Is Tejas Mk2 fighter the future of the Indian Air Force?

PANAGYURISHTE, (BM) – The Tejas Mk2 fighter is key to the Indian military industry. There are only two possibilities – a successful project or bankrupt companies.

The Indian Air Force has hundreds of Russian MiG-21 fighters at its disposal. These machines are too old, towards the end of their life cycle, and do not meet current technological conditions. Maybe that’s why years ago, New Delhi created the Light Combat Aircraft program to get the best out of the Indian military industry.

Under this program, the Indian project Tejas is being developed – a light fighter to become a worthy competitor to the well-known and still deadly American F-16.

The first variant of the Indian Tejas is the Mk1. We can safely describe the first version as a failure of the Indian industry. Thirty-three years of development were not enough to guarantee that the Tejas Mk1 would become a replacement for the Russian MiGs. Significant financial resources have been invested by the Indian government to eventually get a fighter that weighs too much and lacks traction. The Indian Navy needs these properties because this type of aircraft has to take off from an aircraft carrier with a shorter runway than the standards and in the form of a ski trench.

However, New Delhi has not given up on the idea of ​​its active light fighter. Thus was born the Tejas Mk2 concept, which is already being developed and has a great chance of entering to production series. The project for the second version of the local fighter is from 2009. So far, the government has invested nearly half a billion dollars.

What will the Tejas Mk2 be?

A General Electric F414 engine will power the Mk2. This decision means that the aircraft will have 13,000 dry thrusts, almost twice as much as the Mk1. General Electric has already allowed India to test engine capabilities. In 2017, this happened, and it seems that New Delhi is happy with the engine. If the deal is finalized, General Electric will have to supply nearly 100 engines to the Indian forces, a deal worth about half a billion dollars. This engine will make the Mk2 more viable and increase load capacity by 25 percent compared to the Tejas Mk1.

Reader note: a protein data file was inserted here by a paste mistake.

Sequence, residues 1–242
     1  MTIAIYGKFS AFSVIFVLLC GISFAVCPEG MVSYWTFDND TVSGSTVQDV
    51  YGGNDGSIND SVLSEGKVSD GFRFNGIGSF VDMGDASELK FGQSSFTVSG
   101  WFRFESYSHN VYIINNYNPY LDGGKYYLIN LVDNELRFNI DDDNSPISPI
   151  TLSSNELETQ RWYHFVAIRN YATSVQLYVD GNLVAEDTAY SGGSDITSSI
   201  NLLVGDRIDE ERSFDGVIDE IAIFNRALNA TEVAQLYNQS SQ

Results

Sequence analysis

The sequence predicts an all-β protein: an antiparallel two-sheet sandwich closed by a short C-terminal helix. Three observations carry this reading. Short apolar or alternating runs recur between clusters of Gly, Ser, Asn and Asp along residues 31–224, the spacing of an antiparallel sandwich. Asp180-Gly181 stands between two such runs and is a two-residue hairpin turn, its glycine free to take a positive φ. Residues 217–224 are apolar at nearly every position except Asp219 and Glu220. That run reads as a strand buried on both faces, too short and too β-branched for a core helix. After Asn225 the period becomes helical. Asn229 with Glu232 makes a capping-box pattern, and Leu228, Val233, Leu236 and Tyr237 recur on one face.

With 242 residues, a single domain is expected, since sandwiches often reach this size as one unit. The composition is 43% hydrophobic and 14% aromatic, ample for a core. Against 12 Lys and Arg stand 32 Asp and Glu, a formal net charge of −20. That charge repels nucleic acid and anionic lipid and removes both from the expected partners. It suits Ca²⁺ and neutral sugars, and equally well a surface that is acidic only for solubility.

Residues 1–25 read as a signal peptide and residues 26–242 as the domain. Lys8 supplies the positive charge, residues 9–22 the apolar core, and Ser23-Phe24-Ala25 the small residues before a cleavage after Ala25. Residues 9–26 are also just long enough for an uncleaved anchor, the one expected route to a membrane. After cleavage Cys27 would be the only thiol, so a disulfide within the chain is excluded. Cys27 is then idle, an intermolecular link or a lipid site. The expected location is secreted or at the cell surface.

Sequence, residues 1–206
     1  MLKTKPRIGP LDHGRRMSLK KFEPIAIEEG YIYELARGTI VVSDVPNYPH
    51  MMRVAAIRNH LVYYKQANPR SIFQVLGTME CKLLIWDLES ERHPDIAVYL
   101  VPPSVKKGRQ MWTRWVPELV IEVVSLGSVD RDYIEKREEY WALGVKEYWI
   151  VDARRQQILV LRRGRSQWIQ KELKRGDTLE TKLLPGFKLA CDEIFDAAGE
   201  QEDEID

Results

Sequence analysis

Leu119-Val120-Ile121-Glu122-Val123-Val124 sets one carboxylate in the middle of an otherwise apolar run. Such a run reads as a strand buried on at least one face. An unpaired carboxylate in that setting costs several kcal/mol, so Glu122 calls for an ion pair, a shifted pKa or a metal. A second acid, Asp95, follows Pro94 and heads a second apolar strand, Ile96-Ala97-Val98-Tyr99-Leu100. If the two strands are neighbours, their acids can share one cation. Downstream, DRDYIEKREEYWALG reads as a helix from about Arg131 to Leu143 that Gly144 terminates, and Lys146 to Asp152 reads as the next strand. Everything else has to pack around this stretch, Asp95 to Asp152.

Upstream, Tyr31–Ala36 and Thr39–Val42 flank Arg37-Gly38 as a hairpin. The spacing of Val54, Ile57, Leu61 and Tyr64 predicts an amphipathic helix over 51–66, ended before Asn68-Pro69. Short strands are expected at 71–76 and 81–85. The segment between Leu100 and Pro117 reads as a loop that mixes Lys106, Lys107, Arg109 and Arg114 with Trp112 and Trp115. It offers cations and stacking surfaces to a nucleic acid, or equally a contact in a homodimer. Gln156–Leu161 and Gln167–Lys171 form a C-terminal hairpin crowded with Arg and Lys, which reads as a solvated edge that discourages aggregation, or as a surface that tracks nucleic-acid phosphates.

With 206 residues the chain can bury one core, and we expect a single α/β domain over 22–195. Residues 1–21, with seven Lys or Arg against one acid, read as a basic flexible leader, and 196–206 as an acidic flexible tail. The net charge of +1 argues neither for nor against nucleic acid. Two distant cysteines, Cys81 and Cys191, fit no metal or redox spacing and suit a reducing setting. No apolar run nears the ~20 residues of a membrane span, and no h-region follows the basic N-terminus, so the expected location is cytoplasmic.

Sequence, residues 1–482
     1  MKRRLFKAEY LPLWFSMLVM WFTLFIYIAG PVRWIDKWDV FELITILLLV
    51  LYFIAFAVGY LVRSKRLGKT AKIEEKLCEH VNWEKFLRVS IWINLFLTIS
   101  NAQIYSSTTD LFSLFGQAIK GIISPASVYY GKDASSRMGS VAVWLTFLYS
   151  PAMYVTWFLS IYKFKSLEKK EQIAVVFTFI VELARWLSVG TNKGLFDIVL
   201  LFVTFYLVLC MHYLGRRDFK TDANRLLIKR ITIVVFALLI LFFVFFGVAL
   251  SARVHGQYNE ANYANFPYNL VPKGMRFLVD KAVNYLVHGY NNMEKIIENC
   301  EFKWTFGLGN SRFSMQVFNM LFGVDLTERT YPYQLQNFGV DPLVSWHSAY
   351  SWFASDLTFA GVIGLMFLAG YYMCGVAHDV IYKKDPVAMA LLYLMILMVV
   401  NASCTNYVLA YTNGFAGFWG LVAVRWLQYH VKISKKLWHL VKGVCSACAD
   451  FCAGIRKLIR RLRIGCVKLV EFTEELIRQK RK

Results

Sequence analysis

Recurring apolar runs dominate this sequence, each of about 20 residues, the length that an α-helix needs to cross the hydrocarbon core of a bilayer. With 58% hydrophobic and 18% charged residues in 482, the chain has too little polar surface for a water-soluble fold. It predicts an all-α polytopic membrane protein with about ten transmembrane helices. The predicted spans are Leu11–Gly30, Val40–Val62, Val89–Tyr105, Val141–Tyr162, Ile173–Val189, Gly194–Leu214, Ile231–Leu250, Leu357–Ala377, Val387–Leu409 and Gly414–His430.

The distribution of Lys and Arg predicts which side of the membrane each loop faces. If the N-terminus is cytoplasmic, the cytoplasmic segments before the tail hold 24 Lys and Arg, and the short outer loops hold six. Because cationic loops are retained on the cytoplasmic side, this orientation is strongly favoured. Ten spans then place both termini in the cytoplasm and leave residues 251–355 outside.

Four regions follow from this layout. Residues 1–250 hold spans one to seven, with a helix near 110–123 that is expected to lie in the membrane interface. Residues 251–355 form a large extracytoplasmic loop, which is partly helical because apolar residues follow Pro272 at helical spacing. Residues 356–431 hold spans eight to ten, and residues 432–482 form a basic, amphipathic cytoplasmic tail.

General Electric can become a crucial player in the development of the local industry. According to India’s requirement, at least 60% of the engines must be made. General Electric has no problem with that. In this way, Indian military engineers can access vital technology to support the local Kaveri engine’s development. It is expected to be the main driving force of the next generations of Indian fighters in the future.

Tejas Mk1 will also have Israeli technology. According to preliminary information, the Jewish side will provide the radar devices to the fighters. Israel is also ready to provide its developments in the field of electronic jamming and electronic warfare systems.

New avionics, new AESA radar, a new glass cockpit, a wide multifunction display, and a built-in oxygen system are just some of the fighter’s expected improvements. All these improvements and innovations will extend the fighter by one meter more than the size of the Mk1, and Tejas Mk2 will be 14.2 meters long.

Will the Indians cope with the challenge?

So far, the Indian manufacturer HAL is experiencing severe difficulties with the production schedule. According to the plan, the company should produce sixteen fighters a year, but its capacity allows only eight. Perhaps this is the main reason why HAL is planning to build an additional production line. Because there are already orders from the government – approximately 120-130 fighters, differently distributed between the fleet and the Indian Air Force. According to unofficial information and speculative claims, if the Indian military remains satisfied with the Mk2, an order for another 300 fighters will follow.

Tejas Mk2 is the hope of India. Significant multimillion-dollar funds have been invested several times. The project has been under development for decades, and if the internal fighter is not successful, it will be a failed investment. Moreover, the project participants can expect a bad future because bankruptcies will start to set in. Of course, if everything is according to plan and expectations – the industry will exist, with a perfect and foreseeable future.

However, India does not rely on local production. Negotiations are underway with Sweden and the United States for domestic production of Gripen and F-16, respectively. New Delhi has several options on how to increase its fighting force from the current strength of thirty-three squadrons to the desired forty-five, but which one it will commit to remains to be seen.


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